The benefits of meditation in all areas of life are well documented and used by people from all walks of life. But did you know that children as young as four-years-old can be taught meditation and mindfulness too? What is mindfulness and what are some of it's benefits?
My family gave up beer, hamburgers and the oldest 4th of July parade in the country to go there and practice mindfulness with other families. Yes, we bribed our girls with ice cream on the drive home. And here's what we learned.
All of those reasons we're overwhelmed are all the reasons that we moms may need it more than anyone else. We mamas need to know about some of amazing effects of meditation. Things that can help us with all of our stress and overwhelm.
Mindfulness doesn't eliminate the stressors from your life. Your children will still throw tantrums, people will still cut you off in traffic, and winters will still be cold. The profound transformation takes place within you. You choose to relate to the stressors in life more skillfully.
Travel-proofing your meditation is easier that you think. The motto is, "Do something at least every couple of days." This is enough to keep you going through travel time and to pick up your daily routine once back home.
It is my contention that any organization that wants to survive, thrive, and excel in our increasingly complex, fast-paced, high pressure work environments should pay attention to the organizational effectiveness benefits of mindfulness programs.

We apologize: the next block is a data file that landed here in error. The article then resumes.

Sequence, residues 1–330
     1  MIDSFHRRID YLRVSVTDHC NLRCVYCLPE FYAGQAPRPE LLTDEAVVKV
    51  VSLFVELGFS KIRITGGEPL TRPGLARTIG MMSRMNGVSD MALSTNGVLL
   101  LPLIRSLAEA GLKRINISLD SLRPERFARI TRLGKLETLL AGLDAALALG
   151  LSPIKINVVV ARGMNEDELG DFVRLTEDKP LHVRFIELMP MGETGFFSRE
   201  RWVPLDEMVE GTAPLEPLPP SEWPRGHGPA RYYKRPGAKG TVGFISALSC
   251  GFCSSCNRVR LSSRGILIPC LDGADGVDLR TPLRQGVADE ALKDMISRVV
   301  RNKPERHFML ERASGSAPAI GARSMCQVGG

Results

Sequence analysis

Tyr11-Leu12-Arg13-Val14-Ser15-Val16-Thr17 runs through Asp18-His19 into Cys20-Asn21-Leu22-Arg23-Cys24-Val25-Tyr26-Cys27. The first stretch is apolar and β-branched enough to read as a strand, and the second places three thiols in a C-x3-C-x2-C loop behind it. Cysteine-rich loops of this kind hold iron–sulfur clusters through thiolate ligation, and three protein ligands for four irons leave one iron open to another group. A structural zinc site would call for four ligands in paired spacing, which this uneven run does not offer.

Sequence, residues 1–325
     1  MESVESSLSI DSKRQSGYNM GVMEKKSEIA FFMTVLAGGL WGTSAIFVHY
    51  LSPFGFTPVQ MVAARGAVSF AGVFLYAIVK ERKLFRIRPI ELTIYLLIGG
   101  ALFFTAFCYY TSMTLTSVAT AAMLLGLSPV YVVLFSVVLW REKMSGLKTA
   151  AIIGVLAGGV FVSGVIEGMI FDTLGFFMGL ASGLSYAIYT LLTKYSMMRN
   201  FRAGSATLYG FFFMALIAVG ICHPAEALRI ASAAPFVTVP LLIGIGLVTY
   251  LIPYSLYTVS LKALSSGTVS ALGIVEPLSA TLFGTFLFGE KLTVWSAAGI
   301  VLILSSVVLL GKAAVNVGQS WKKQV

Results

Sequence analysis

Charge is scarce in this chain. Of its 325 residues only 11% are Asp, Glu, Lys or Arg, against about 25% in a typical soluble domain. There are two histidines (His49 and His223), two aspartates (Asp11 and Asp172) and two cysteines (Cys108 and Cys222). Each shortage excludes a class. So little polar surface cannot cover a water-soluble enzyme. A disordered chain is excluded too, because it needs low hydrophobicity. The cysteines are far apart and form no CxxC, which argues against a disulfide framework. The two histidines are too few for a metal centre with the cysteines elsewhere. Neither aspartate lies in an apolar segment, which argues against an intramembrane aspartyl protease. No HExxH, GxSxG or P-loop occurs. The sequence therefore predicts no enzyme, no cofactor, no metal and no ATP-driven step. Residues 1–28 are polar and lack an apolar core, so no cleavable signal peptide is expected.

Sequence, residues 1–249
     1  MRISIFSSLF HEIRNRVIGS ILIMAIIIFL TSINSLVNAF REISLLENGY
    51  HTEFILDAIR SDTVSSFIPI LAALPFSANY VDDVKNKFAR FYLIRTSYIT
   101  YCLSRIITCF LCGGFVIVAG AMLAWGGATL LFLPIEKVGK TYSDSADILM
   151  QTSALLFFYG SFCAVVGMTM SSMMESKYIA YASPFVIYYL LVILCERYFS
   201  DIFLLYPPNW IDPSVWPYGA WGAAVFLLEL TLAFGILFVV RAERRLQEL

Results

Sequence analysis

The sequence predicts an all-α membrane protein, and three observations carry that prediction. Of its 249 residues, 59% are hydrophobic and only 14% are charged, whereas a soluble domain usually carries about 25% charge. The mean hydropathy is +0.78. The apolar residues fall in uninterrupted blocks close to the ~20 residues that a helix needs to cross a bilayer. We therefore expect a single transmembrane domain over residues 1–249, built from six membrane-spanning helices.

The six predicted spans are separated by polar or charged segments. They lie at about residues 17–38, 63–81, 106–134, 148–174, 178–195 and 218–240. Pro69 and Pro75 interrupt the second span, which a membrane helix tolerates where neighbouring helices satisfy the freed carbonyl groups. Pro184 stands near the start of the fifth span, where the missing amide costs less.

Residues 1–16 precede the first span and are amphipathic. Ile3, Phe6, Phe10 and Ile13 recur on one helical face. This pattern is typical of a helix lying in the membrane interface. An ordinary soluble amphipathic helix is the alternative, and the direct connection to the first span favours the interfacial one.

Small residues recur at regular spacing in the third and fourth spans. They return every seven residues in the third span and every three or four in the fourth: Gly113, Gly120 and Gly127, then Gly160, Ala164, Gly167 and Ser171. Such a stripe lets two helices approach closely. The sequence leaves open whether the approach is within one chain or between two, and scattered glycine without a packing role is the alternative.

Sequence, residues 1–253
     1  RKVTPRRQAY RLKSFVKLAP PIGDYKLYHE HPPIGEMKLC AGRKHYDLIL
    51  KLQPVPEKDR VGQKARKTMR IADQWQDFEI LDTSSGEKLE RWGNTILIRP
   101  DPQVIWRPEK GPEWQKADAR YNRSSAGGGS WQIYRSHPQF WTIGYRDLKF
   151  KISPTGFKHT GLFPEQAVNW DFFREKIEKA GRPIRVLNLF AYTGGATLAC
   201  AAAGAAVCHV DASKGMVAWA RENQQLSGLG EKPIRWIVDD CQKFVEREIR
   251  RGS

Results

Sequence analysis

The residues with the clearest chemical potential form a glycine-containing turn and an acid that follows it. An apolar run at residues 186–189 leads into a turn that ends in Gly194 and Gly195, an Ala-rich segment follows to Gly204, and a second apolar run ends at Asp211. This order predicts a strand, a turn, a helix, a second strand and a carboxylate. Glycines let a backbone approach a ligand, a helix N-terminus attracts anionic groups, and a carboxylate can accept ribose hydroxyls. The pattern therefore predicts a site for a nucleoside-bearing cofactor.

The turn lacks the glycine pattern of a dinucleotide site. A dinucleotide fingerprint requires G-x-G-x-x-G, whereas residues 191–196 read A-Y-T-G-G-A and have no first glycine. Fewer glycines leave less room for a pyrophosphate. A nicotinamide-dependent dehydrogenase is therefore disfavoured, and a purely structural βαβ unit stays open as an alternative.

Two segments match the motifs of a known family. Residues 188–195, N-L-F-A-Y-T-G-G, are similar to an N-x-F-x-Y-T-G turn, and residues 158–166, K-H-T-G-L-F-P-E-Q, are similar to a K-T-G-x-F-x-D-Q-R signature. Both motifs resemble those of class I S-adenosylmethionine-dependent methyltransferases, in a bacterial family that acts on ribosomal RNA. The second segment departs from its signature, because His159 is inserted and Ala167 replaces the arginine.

Mindfulness, something once practiced only in more closeted meditation circles, has recently become a greater mainstream interest. Perhaps for this reason, research on mindfulness meditation has increased considerably over the last decade.
The key -- to meditation and to wellbeing -- is not to judge or react, but rather to find equanimity, returning to the breath time and again, no matter what whirlwinds surround us, no matter what demons invade us.
In the context of mindful living, slowing down does not imply taking a vacation every other month. It is what we must do every day. It means taking the time to do whatever we're doing. It means single-tasking rather than switching between a multitude of tasks and focusing on none of them.